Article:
Friday, April 20, 2012 | 2:05 a.m.
- Take Five: What to watch for at UFC 145 beyond the main event
- UFC 145 breakdown, betting odds and picks
- UFC schedule kicks into high gear with Jon Jones vs. Rashad Evans
- Rashad Evans: ‘Jon Jones imitates me’
- Jon Jones and Rashad Evans further sound off on their rivalry
- UFC 145: A look at the long-awaited card up next
- UFC 145 section
- UFC coverage
- How much of a chance do you give Rashad Evans to upset Jon Jones at UFC 145?
- No way Jones will lose — 29.3%
- Evans will win — 25.7%
- It would take a miracle — 25.2%
- It's a toss-up — 19.8%
This poll is closed, see Full Results »
Note: This is not a scientific poll. The results reflect only the opinions of those who chose to participate.
ATLANTA — When Michael McDonald received a $70,000 Knockout of the Night bonus check at UFC 139 six months ago, he immediately began to think about how he could spend it.
Buying a house was one option for the 21-year-old bantamweight. That wasn’t what he really wanted, though.
An aspiring carpenter, McDonald instead decided to buy supplies to build a wood shop behind his parents’ house in Modesto, Calif.
“With all the time I spend in training, my other time is spent in my shop just relaxing,” McDonald said. “It’s something for me to get away from the world and have fun. It’s really an escape.”
McDonald described himself as an intermediate- to advanced-level carpenter. He’s way ahead of that as a fighter.
McDonald (14-1 MMA, 3-0 UFC) faces 31-year-old Miguel Torres (39-4 MMA, 2-1 UFC) on the main card of UFC 145 in a meeting between two 135-pounders ranked in the top 10. Despite Torres’ status as a former champion, sports books list the bout as nearly a pick’em fight because of how impressive McDonald has looked early in his UFC career.
“I think I’m the most experienced and the most threat to him out of everybody he’s fought,” Torres said. “And I’m not scared of him. I watched a lot of his old fights. I could see a lot of the guys he was fighting weren't sure of themselves, or they weren't sure of him. I'm not worried about who he is.”
Like many successful fighters, Torres owns and helps run his own gym. He purchased the space near his home in Hammond, Ind., when he found financial success through his fighting career.
Purchasing a gym would have been a more ordinary choice for McDonald and a distinct option a couple years ago. McDonald said MMA was the only thing he cared about when he started his professional career.
McDonald’s first loss, a second-round TKO defeat to UFC veteran Cole Escovedo in 2009 that he later avenged, changed his outlook.
“It took me to get beat up to kind of separate myself from who I am and what I do,” McDonald said. “I don’t have to do this. It doesn’t define me if I don’t want it to. First and foremost, this is something I like, and it’s my job.”
Seeking a balance for his life outside of fighting, McDonald began to re-discover carpentry. It’s something he first learned he had a passion for as a freshman in high school.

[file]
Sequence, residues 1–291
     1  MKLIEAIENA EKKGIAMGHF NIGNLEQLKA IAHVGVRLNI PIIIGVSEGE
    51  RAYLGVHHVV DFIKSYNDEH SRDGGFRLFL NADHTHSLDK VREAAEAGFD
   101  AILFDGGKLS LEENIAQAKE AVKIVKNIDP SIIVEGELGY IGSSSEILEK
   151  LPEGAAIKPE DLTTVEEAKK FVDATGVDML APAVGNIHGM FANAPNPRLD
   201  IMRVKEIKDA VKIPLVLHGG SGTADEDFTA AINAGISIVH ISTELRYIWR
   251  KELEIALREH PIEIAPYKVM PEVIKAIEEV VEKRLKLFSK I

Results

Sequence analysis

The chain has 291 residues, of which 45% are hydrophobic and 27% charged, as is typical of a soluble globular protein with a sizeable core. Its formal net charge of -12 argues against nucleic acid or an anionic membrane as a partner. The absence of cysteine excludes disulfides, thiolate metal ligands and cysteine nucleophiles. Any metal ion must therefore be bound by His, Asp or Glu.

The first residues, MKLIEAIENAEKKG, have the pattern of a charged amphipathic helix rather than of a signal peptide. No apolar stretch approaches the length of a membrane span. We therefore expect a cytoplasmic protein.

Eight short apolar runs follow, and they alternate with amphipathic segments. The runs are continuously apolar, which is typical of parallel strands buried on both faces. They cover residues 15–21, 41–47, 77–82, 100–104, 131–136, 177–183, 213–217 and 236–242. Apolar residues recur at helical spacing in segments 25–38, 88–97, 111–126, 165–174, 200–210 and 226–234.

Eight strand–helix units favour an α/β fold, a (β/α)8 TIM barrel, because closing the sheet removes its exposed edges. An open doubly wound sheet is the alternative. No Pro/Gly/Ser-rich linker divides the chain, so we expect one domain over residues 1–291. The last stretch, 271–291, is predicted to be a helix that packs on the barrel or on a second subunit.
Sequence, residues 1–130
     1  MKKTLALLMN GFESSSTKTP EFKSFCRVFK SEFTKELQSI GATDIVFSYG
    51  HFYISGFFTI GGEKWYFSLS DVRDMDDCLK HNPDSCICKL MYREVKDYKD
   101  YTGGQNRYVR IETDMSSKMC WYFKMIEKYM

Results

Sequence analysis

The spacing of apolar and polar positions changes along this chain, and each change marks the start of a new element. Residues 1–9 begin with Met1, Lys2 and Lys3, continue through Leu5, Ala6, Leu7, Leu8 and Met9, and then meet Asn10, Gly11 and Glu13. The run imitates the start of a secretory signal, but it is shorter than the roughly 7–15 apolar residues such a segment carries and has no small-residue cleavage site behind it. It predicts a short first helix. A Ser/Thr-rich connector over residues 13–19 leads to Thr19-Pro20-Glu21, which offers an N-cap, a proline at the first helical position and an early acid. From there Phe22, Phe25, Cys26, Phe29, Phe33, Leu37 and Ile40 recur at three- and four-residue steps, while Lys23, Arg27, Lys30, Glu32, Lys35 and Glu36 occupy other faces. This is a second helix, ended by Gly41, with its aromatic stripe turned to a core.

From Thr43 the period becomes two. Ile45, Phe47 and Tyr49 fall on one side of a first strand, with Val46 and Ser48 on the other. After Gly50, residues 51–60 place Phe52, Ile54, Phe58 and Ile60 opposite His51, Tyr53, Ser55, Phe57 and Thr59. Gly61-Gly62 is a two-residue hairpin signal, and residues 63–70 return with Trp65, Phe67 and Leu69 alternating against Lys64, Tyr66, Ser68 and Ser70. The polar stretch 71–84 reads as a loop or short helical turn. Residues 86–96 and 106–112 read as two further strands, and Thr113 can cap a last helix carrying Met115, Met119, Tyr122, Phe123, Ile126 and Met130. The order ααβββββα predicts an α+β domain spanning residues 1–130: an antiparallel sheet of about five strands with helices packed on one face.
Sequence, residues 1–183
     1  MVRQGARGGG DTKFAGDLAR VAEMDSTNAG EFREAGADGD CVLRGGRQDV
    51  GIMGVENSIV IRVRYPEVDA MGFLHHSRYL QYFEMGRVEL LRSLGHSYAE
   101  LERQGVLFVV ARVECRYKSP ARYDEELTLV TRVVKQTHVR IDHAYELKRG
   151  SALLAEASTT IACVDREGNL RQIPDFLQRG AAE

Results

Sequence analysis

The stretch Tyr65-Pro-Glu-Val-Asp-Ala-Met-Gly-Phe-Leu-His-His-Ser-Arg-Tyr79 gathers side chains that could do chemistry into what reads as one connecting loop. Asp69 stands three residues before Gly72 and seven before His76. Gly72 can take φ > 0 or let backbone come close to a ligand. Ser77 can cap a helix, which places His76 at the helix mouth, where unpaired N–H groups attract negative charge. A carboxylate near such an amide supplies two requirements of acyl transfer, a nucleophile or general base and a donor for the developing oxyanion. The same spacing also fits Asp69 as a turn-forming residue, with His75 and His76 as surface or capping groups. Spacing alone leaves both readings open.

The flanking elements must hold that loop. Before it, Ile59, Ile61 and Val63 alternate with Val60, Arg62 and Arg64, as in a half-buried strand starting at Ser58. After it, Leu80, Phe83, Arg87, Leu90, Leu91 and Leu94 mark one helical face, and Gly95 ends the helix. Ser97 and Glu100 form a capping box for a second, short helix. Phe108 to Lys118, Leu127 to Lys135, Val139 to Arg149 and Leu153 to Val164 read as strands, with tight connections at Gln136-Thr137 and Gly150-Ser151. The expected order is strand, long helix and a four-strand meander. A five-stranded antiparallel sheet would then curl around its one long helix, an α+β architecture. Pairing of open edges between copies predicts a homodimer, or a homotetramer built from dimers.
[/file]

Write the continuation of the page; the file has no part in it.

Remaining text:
In the past two years, McDonald has tinkered with different styles and educated himself on the intricacies of woodwork. He primarily focuses on building furniture and cabinetry but would someday like to build even more things.
“Carpentry is something I’ve always loved doing,” McDonald said. “Something could happen — I could tear a retina — and I could not have a job tomorrow. I could lose a house but not that wood shop. If (fighting) doesn’t happen, teaching and that wood shop could be my income for a while.”
Of course, working with power tools comes with its own set of risks. McDonald’s father constantly worries about his son’s thumb when he’s operating a table saw.
McDonald said he took extra safety precautions to protect his hands and worried more about random dangers. For example, he was operating his table saw recently when a scrap piece of metal caught the edge of the blade.
The force flung the piece into McDonald’s belt buckle and left a gaping hole at the bottom of his T-shirt.
“Oh man,” McDonald thought at the time. “I’m glad it didn’t hit my crotch or stomach.”
That’s when McDonald usually decides to get away from the tools for the rest of the day. He can admit to flying pieces of scrap metal scaring him, but nothing does in the octagon.
Torres won’t intimidate McDonald, who said he had wanted this fight for years. Even during his WEC championship reign, Torres looked beatable to McDonald.
“I think he’s good, and I think I’m better,” McDonald said. “For this fight, I haven’t watched a minute of footage because I’ve already studied him. I know that I can beat him, and that’s all I need.”
Torres wasn’t offended by the comments.
“I should be a target,” Torres said. “Coming into this sport, when you start getting a name, you start getting a target on your back. It's not disrespecting me at all. It's good that he wants to fight me. He's going to get his wish on Saturday.”
Win or lose, it will be easy to find McDonald after the fight. He spends the majority of his time in one of two places — the gym and the wood shop.
“I think I like fighting more,” McDonald said. “I could definitely just live in my car in the gym parking lot, (where) all I do is just train, eat and all that other stuff. I could definitely go on without the shop, but it’s a luxury. And it’s something I enjoy. Fighting is my primary thing. It’s No. 1 above everything else, besides my faith and my family, but carpentry is No. 2.”